While they are seven very different people from all walks of life (some come from well-off families, others had to dovetail as delivery boys) BTS members manage to get along well to the point that they’re each other’s dearest friends. When they’re not together, they miss each other. They go on dates by the river on their days off.

They refer to their dorms as “home.” While some of the members own luxury apartments in the snazziest parts of town, these gentlemen prefer to live together, even after over five years of being stuck with each other’s faces.

While they fight and argue, these boys are brothers in every sense of the word. Their dynamic and unique relationship, whether between a couple of members or BTS as a whole, is something that you would also like to have in your own circles. When they’re together, it’s either a time of chaotic fun or a fluffy, heartwarming mess.

In their 2016 album “Wings,” each member has a solo piece in the repertoire. Jungkook debuted at 15 years old and was practically raised by the older members. In the song, he shares the huge part the other boys have in his life: they brought him out of his shell, he feels like dying when they are sad, hurt when they are sick, that they were the ones who helped him begin.

“When I was 15 years old, I had nothing / The world was too big and I was small / Now I can’t even imagine now / I was scentless and completely empty / I pray/ Love you my brother I’ve got brothers / I discovered emotions, I became me / So I’m me / Now I’m me,” says the first couple of verses.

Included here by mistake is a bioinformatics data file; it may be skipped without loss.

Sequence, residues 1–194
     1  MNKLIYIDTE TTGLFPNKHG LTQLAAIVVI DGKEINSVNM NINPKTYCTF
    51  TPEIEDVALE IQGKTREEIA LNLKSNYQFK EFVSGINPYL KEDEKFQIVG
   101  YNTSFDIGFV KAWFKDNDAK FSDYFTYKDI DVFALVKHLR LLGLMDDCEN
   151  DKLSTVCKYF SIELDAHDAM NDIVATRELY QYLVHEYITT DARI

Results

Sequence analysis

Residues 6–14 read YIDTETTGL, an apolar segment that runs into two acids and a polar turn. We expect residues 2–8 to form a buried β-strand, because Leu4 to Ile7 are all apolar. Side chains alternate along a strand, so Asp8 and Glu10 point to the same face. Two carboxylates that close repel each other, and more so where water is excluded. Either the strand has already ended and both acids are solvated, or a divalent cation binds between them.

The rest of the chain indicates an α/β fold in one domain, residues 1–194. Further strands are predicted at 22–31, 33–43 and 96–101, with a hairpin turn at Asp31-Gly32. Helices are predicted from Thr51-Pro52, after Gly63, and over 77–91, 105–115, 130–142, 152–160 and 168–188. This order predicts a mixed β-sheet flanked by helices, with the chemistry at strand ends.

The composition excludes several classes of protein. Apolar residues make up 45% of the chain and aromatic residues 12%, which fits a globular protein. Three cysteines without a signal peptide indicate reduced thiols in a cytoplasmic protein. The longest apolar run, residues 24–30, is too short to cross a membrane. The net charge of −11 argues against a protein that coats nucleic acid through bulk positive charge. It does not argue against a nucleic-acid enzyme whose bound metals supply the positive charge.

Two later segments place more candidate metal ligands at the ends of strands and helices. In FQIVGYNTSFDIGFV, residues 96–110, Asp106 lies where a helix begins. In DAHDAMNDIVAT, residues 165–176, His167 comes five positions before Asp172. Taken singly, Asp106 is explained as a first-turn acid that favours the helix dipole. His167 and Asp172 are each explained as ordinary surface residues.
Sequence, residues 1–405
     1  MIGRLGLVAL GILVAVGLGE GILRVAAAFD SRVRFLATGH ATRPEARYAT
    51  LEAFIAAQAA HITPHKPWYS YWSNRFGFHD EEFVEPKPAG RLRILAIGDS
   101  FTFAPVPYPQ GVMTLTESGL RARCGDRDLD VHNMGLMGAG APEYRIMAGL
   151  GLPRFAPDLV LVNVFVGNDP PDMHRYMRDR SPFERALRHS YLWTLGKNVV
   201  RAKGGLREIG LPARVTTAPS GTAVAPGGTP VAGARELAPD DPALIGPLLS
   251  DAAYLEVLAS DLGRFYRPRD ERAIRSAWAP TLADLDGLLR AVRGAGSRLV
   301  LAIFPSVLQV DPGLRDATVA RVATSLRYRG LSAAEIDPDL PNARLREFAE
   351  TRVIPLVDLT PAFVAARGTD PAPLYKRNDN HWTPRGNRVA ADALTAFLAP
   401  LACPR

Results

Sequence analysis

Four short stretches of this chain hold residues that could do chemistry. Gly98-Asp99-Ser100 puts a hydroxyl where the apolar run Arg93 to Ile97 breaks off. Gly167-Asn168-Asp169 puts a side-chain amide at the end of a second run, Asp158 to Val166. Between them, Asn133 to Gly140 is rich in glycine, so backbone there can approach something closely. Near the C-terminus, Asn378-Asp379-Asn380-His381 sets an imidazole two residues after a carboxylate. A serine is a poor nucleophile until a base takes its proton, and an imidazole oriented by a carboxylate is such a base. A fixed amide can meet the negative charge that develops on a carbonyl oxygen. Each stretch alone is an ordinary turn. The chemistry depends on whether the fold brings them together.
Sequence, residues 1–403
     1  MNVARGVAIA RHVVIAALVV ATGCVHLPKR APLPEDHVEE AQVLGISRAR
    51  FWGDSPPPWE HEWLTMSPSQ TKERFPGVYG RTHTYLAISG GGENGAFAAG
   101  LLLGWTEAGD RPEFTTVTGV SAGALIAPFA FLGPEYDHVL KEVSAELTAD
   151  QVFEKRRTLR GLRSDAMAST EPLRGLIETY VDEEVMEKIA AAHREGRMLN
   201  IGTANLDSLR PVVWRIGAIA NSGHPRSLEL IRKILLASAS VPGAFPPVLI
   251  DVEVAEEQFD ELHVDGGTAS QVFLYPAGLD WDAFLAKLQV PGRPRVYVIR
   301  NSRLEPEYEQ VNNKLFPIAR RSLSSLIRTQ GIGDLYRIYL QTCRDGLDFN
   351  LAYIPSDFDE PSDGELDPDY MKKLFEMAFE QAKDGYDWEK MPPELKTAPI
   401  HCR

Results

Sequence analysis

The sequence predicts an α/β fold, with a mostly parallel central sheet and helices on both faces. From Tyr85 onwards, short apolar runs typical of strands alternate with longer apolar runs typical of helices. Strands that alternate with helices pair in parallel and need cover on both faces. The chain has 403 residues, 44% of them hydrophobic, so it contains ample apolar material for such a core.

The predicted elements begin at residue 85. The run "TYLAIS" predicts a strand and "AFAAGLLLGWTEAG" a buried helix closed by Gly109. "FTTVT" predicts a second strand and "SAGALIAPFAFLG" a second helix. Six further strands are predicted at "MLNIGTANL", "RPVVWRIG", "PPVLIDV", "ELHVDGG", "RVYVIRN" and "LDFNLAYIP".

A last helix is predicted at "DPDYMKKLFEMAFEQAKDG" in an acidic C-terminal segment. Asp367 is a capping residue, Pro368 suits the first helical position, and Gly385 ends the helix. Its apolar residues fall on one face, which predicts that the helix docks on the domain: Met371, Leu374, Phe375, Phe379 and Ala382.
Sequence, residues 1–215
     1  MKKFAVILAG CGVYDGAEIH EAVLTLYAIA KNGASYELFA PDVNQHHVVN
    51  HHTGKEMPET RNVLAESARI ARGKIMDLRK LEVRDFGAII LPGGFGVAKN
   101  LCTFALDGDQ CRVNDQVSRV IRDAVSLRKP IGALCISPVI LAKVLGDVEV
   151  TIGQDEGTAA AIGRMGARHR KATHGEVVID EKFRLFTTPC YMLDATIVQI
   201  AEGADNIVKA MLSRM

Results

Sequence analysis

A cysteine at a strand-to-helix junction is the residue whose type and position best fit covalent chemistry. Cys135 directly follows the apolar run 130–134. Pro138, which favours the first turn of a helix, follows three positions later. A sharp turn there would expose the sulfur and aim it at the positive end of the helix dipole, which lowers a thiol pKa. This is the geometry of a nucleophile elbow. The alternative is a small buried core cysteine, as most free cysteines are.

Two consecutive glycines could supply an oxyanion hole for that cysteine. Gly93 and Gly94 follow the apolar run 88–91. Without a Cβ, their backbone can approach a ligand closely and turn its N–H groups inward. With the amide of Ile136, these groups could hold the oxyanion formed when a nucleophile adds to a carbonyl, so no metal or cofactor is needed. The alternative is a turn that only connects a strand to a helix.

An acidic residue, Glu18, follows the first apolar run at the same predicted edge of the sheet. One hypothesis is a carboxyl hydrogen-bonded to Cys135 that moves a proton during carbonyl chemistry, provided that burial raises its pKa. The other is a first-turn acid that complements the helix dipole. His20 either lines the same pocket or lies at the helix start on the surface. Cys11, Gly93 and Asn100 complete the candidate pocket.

In an episode of “Run BTS!,” Yoongi writes a poem about them facing the world together. Using the metaphor of flight and the currency of irony, Yoongi describes how they were once dreamers who have become someone’s dream, and yet the higher they fly, the more difficult it is to breathe, the more “lights that burn upon us, the more shadows appear.” Still, he takes comfort in his bandmates.

“What a relief, that we are seven. What a relief, that we are together,” he ends the poem.

I like to think a lot has to come in place to put everything together. It would have been very different if they had made different decisions throughout the years. RM could have preferred to debut on his own, Jungkook could have chosen another agency, for starters. And yet here we are.

Here and real for their music

In the K-Pop music industry, everyone can sing and dance, and look beautiful while they’re at it. The industry cherry-picks these hopefuls and trains them rigorously into becoming the perfect idols. Many of these aspirants train to debut, and upon debut enter a different chapter of their lives as they become a face in a scene saturated with idols who are seemingly just like them: beautiful, charming, and can heat up a stage.